Make your money work for you. The money you save in a bank account helps the bank make even more money, so they compensate you by paying you interest. Trouble is, the feds have kept these interest rates so low for so long, they hardly matter. Look for savings tools that pay the most interest. Certificates of deposit (CDs) and IRAs are both viable options for stowing your money where it can’t (and shouldn’t) be touched for a number of years while it earns for you. For a shorter return on your investment, you can buy stocks and then sell them when the price goes up, but this comes with risk (what if the price only goes down?) and tax consequences.
Comparing savings accounts has never been easier, nor has stashing your money in a bank in another state (or only in cyberspace). Since every bank is FDIC insured (you should confirm anyway) and geography doesn’t matter anymore, focus on banks with the highest interest and no maintenance fees.
Use a calculator to determine the savings you can get by refinancing your mortgage. You enter the loan terms, dollar amount, and interest rates, then see what your new monthly payment would be. A refi can help you discover money for savings where you didn’t realize it was. For instance, let’s say you have been comfortably making a mortgage payment of $1,750 but a refinance could save your $250. Designate all that $250 for savings. You didn’t miss it before; you won’t miss it now. Your savings will grow at great speed with money you didn’t realize you had.
You may have been shown the HSA option when choosing a health plan and did not realize the benefits. You fund your HSA savings account with direct deposits from your paycheck _before taxes._ The money is yours, just like a regular savings account. It never “expires” like the funds in a health _spending_ account, a kind of account that many consumers confuse with an HSA. Your HSA money stays there year after year, ready when you need it. The HSA bank will issue you a debit card that you can use for any medical expense, whether it’s a doctor visit, new eyeglasses, a dental checkup, or a flu shot. HSAs are combined with high-deductible medical coverage because your HSA makes paying a higher deductible almost painless.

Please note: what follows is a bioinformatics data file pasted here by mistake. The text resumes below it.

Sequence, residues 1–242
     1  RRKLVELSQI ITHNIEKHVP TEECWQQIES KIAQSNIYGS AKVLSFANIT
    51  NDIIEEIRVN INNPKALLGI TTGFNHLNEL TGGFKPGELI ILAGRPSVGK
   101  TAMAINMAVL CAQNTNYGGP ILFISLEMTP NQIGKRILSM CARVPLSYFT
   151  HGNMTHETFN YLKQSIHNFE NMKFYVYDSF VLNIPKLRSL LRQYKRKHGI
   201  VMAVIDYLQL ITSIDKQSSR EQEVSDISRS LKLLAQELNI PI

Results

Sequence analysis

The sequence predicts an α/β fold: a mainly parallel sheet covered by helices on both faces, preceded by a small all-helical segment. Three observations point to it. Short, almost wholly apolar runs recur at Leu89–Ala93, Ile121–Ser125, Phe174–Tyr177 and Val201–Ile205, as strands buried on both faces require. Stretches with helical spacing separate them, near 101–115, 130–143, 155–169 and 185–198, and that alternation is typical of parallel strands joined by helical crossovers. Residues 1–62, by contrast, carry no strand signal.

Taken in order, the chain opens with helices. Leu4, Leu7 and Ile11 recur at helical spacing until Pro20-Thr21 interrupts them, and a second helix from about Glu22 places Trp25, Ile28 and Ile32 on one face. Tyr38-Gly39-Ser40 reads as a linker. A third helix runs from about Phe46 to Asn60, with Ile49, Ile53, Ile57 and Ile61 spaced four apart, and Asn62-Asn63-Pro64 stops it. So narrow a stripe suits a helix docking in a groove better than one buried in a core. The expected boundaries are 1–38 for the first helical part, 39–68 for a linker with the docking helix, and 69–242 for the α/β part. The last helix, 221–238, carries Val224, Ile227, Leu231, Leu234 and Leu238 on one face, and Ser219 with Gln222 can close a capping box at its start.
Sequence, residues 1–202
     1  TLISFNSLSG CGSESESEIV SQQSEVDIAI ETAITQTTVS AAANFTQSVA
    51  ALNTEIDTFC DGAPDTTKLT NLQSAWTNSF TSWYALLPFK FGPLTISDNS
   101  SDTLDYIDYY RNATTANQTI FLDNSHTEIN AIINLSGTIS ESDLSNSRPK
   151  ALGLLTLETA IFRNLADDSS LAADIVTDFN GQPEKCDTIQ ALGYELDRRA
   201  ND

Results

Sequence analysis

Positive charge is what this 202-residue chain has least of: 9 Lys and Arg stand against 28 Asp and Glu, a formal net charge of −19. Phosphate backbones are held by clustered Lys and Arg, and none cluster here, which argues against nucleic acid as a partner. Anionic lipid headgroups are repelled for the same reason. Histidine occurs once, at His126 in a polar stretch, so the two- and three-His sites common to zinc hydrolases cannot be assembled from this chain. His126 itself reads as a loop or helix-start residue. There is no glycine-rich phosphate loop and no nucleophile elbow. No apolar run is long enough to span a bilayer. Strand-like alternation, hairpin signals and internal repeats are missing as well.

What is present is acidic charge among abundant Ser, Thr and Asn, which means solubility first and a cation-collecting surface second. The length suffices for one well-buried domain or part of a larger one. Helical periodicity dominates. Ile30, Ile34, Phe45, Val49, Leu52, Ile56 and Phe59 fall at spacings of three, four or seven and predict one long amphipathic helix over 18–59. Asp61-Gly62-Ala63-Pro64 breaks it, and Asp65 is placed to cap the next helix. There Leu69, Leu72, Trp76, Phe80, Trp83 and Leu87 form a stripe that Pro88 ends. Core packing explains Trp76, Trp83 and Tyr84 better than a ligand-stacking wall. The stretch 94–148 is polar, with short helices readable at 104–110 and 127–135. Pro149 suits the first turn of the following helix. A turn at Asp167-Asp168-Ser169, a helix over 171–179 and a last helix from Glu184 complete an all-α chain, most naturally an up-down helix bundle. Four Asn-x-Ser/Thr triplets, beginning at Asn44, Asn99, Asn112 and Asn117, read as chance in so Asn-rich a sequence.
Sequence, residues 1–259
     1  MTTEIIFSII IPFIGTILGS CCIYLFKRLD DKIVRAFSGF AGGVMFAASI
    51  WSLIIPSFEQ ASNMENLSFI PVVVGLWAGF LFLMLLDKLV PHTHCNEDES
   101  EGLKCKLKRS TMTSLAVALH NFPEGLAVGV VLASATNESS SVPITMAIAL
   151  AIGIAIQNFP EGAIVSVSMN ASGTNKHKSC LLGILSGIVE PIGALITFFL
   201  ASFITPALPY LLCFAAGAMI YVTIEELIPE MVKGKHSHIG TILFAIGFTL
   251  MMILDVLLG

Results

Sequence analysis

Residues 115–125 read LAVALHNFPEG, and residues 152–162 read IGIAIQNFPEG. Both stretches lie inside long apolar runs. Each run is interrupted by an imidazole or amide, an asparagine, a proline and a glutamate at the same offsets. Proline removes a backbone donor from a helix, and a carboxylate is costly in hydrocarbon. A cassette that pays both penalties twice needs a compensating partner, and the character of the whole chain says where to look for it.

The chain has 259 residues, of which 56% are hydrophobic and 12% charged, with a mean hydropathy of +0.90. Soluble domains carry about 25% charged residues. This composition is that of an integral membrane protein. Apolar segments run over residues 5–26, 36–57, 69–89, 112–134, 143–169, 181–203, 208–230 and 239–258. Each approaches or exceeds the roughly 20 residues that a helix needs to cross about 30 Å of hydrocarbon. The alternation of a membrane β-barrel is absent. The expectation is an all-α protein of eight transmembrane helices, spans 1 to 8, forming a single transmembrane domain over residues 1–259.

Waiting until your son or daughter starts applying to colleges to figure out how to pay for it puts you at risk of signing up for a dangerous student loan. Ask anyone who is still paying down a student loan long after their college jersey has disintegrated from age, and they’ll tell you that a student loan is practically diabolical.
Start investing early in a college savings plan so that when the day comes, your child has a good chance of remaining debt-free. A decent savings and a part time job could be all your student needs to stay free of debt in the college years.
Newer options for saving for college aren’t known by many people. For instance, some universities have begun to offer parents the option to prepay for their child’s college career. Basically, you can lock in the current cost of tuition by making regular payments toward it. When your child starts attending, it won’t matter how high tuition has climbed because you’ve already paid. Prepaid college programs are also tax deductible.
UPromise is another good savings program for parents to put money aside for college. Furthermore, they partner with many retailers, so when you buy something, you earn money for the account.
Any parent will tell you that college seemed very far away the day they started saving for it, but suddenly it was time and they were very glad they had been saving.